Debt collector $8.97: A woman received a letter in the mail from a debt collecting agency seeking $8.97 over an unpaid DVD rental from several years ago, according to a report.
“The total that I owe is $8.97. Am I going to get a bad credit score for an unpaid bill of $8.97?!” wrote the woman, named Jillian, told Credit.com’s Deanna Templeton this month.
The website points out that even a minor debt less than $10 can harm a persons credit rating. Things like unpaid library fines, unpaid for video rentals, and other debts and turn into something worse in the long-term.
“If the collection agency reports the collection to the credit bureaus, the answer is, yes, it will most likely have a significant impact and hurt your credit score,” it says. “When it comes to collection accounts, the amount of the collection has no direct impact on your credit score.”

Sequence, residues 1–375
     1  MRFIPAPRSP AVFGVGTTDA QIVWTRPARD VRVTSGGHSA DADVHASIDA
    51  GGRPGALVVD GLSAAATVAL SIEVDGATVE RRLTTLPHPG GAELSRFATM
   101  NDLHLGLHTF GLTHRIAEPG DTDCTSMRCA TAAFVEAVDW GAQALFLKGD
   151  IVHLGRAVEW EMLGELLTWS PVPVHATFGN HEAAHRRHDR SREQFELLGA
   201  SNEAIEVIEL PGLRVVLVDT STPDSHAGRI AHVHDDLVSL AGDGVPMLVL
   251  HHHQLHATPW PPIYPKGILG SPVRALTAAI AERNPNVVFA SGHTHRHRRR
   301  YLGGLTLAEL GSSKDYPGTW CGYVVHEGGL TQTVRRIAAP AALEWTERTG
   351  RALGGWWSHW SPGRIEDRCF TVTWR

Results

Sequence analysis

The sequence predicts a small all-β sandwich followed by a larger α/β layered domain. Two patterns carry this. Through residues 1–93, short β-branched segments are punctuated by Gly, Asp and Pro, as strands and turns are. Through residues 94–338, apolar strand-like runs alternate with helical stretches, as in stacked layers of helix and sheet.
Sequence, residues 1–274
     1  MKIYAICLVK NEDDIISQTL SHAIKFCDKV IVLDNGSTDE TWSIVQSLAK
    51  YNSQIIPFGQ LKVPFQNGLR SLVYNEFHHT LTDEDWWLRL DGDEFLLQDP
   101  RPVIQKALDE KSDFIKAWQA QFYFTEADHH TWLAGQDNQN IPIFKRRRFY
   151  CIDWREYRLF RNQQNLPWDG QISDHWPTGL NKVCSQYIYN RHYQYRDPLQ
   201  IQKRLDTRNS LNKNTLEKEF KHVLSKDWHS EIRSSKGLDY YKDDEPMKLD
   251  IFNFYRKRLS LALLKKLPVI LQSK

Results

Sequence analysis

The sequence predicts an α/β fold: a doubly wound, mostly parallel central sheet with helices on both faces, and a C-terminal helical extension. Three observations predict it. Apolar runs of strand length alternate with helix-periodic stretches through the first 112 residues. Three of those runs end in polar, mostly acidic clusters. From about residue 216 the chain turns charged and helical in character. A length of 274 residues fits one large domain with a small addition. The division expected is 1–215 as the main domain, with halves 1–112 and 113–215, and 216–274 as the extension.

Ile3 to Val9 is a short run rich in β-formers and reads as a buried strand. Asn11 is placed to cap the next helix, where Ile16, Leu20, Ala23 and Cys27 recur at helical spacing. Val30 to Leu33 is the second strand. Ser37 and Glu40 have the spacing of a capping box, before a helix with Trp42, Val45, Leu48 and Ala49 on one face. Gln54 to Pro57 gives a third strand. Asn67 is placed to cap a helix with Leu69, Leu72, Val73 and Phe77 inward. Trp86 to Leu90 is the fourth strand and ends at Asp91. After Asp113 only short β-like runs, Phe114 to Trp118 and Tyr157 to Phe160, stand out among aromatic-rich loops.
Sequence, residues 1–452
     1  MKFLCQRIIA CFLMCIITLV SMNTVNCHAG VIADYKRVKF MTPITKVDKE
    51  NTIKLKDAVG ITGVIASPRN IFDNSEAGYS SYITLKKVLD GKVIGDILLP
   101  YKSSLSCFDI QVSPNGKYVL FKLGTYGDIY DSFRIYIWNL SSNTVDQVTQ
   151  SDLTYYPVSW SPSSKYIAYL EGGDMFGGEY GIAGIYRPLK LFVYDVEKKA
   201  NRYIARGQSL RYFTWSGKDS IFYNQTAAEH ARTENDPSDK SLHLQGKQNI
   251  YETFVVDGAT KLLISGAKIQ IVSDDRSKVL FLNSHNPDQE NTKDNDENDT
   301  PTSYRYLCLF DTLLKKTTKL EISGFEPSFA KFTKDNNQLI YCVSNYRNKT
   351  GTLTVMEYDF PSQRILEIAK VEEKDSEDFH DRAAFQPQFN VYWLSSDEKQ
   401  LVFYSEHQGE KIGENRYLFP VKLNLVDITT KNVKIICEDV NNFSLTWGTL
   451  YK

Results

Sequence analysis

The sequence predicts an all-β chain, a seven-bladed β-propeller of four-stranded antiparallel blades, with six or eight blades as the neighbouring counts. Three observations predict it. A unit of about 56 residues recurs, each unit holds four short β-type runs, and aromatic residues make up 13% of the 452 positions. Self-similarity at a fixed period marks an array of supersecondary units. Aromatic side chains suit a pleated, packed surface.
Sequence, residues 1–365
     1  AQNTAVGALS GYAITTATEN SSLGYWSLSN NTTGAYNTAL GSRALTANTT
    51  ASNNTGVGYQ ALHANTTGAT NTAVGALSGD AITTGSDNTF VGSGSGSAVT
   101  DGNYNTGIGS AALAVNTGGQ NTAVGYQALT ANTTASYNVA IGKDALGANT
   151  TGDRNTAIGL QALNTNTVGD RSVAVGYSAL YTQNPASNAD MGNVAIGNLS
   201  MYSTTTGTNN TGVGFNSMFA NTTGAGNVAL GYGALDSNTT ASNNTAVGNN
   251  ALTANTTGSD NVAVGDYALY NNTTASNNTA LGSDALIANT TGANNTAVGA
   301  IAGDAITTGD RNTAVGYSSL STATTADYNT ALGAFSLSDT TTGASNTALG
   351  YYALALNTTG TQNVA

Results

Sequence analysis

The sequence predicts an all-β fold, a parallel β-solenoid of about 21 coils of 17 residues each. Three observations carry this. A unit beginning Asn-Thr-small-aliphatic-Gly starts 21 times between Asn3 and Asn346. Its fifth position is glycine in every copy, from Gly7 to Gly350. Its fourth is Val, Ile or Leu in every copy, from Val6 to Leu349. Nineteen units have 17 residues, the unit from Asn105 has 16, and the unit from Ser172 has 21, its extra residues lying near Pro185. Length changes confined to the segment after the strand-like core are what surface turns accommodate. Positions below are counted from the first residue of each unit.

It also says that when a collection letter comes in the mail, it’s best to address it right away and one only has 30 days to dispute the claim.
A research firm said last year that the U.S. debt collections industry increased to $12.2 billion in 2011.
And earlier this year, Bloomberg News reported that debt collectors have been posing as Facebook friends after phone calls were made.
“It’s not like they needed to go on Facebook to find me,” Kathryn Haralson, 47, told the news agency in February. “I was in contact with them all the time. That crossed the line.”
Richard Cordray, the head of the U.S. Consumer Financial Protection Bureau, said that “nearly one out of every 10 Americans” have debts totaling more than $1,500 in damage, forcing the agency to provide more oversight regarding collection agencies.
“We will be using both our supervision authority and our enforcement authority to oversee the market and go after bad actors who flout the law,” Cordray said.